Basal Cell Carcinoma in Skin of Color
April 2012 | Volume 11 | Issue 4 | Original Article | 484 | Copyright © 2012
Non-melanoma skin cancer most commonly affects Caucasians, and only rarely affects darker-skinned individuals. However, skin cancer in these groups is associated with greater morbidity and mortality. Ultraviolet radiation is the major etiologic factor in basal cell carcinoma (BCC) and likely plays a pivotal role in the development of other forms of skin cancer. Yet it is commonly thought among patients as well as physicians that darker pigmentation inherently affords complete protection from skin cancer development. This low index of suspicion results in delayed diagnoses and poorer outcomes. This review follows a detailed computer search that cross-matched the diagnosis of BCC with skin color type in a large commercial dermatopathology facility. The reported skin types, all Fitzpatrick skin types IV, V, and VI, and histories were confirmed. A predominance of pigmented BCCs was found in sun-exposed areas of these older individuals. Although less common in darker-skinned ethnic groups, BCC does occur and can pose significant morbidity. Thus, it is essential that dermatologists are familiar with the epidemiology and clinical presentation of all cutaneous malignancies in darker skin so that these patients are fully aware of risks as well as prevention of the disease.
J Drugs Dermatol. 2012;11(4):484-486.
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Non-melanoma skin cancer (NMSC), and specifically basal cell carcinoma (BCC), is less common in persons of skin of color than in lighter-skinned individuals. However, these cancers are often associated with more morbidity and mortality in this population as treatment may be delayed. Squamous cell carcinoma (SCC) and melanoma may be seen in darker-skinned groups and more often appear on non-sun exposed sites, whereas BCC most often develops in a similar sun-exposed distribution as in their lighter-skinned counterparts. Therefore, ultraviolet radiation (UVR) is likely an important etiologic factor in the development of BCCs, and less so in SCCs and melanomas in this patient population.1
It is predicted that by the year 2050, Hispanics, Asians, and blacks will represent 50% of the US population.1 This demographic and the fact that skin cancer is generally a curable disease makes it difficult to ignore the increased morbidity and mortality rates seen in darker-skinned individuals with skin cancer. This disparity can be attributed to various reasons, most importantly, socioeconomic and cultural differences among various ethnic groups. For example, it is commonly thought that there is no risk in developing sun-induced skin cancers due to their darker pigmentation. Also, most educational information regarding skin cancer and its prevention is directed towards Caucasian groups.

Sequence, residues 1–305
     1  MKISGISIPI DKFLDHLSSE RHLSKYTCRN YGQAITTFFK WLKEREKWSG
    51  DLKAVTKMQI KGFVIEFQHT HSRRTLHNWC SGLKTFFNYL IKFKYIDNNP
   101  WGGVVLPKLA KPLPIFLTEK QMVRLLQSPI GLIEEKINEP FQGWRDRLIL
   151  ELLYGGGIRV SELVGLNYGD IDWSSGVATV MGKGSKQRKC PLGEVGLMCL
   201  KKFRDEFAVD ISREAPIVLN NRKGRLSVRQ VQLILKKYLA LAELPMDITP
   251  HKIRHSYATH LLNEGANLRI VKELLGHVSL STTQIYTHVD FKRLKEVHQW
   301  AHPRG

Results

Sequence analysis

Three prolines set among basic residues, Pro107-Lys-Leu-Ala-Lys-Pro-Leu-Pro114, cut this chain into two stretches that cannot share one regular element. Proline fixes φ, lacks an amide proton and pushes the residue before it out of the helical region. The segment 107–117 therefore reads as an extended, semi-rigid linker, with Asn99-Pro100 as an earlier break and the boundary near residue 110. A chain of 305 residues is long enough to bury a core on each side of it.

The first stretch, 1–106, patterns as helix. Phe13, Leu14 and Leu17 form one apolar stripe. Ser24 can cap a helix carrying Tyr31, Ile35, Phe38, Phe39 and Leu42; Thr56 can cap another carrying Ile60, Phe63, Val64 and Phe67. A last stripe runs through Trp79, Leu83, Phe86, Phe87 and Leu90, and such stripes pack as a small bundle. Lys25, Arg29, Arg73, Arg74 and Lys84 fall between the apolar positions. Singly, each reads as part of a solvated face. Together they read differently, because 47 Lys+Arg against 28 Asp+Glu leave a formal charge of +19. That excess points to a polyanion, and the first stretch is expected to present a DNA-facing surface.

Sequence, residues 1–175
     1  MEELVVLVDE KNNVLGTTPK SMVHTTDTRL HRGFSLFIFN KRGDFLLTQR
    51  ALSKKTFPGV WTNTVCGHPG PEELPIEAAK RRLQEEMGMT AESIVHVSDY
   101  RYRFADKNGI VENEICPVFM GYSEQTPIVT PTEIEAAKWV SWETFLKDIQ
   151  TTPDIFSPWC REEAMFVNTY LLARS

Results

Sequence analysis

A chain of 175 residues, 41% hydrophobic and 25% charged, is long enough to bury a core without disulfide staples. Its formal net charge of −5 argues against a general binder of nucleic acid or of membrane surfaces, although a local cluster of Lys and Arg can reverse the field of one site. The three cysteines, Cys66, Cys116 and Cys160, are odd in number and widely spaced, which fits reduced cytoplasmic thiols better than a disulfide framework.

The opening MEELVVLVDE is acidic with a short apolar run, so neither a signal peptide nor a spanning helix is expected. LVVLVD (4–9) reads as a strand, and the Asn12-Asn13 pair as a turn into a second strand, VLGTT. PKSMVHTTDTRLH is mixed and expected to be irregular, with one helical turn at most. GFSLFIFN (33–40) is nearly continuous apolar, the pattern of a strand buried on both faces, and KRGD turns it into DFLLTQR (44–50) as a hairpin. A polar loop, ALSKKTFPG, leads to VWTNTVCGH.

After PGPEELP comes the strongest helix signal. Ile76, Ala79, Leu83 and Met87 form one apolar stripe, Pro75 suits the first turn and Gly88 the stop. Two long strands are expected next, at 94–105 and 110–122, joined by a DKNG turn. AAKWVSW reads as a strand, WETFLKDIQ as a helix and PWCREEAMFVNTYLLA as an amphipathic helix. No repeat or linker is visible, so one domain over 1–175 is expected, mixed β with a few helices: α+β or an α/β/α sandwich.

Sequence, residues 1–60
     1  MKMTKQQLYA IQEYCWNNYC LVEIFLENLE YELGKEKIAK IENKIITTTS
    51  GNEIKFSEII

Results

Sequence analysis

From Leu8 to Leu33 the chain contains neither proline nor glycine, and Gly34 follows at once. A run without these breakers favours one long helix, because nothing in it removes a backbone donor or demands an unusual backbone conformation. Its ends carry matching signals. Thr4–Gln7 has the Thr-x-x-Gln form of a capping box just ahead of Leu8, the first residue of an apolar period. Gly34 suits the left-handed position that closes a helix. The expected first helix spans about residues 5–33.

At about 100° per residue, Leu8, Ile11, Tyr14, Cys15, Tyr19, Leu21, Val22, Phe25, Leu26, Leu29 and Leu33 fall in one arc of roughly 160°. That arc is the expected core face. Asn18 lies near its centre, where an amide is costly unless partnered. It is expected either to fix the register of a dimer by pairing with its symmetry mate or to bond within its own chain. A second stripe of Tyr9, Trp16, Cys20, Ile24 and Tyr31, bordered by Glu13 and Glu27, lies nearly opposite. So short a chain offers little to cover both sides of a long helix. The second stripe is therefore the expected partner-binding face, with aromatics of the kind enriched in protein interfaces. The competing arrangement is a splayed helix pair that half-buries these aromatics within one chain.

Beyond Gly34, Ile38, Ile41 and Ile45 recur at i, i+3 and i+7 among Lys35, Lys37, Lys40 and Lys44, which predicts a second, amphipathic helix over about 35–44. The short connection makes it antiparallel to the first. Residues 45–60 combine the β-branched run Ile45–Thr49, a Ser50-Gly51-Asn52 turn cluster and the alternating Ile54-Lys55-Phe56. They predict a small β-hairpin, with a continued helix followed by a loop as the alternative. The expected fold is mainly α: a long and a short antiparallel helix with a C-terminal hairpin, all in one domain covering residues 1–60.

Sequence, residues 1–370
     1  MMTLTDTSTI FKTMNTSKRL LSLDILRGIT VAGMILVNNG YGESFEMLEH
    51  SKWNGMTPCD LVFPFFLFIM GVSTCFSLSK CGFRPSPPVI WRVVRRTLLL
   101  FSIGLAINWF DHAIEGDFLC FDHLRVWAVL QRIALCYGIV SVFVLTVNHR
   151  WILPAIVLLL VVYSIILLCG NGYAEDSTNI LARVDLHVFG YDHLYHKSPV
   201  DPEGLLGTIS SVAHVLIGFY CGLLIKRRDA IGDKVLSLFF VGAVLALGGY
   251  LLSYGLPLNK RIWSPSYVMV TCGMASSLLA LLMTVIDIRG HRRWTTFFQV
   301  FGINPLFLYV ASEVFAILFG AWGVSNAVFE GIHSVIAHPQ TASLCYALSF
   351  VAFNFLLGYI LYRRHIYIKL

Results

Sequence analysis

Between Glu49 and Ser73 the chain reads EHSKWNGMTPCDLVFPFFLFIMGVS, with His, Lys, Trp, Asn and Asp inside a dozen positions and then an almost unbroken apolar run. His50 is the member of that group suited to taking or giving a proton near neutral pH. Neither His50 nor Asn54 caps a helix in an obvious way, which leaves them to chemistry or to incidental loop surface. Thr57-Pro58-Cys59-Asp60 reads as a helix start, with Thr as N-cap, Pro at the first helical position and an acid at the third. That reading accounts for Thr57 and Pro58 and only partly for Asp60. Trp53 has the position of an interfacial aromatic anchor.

Studies have shown that Caucasians and Hispanics were more likely to report having used sunscreen lotions than African Americans. Caucasians performed self-skin examination more than Hispanics and African Americans, although African Americans were less confident in their ability to identify a suspicious lesion and less likely to follow up with a dermatologist regarding their findings.3 African Americans were also most likely to cite cost and inadequate insurance as an obstacle to dermatologic care.4
Contributing to these socioeconomic and cultural factors is that many physicians lack experience in diagnosing and treating skin cancer in skin of color. The fact that skin cancer can occur in all skin types is typically not stressed in medical training. With a low degree of suspicion, there is an increased risk of a delayed diagnosis. Also, total body skin examinations are often not performed in patients with skin of color.
A computer search was performed cross-matching the diagnosis of basal cell carcinoma with skin color type in a large commercial dermatopathology facility. The reported skin types and histories were confirmed. Follow up was performed to more accurately determine ethnicity and skin type in ambiguous cases. The slides of all patients were reviewed for confirmation of diagnosis, histologic subtype of basal cell carcinoma, presence of actinic elastosis, and presence of pigment within the tumor.
All of the eleven patients reviewed were of Fitzpatrick skin type IV, V, or VI, and were age 50 or older at the time of their initial biopsy (see Table 1). Seven of the 11 patients were aged 70 or older at their presentation. This is in concordance with studies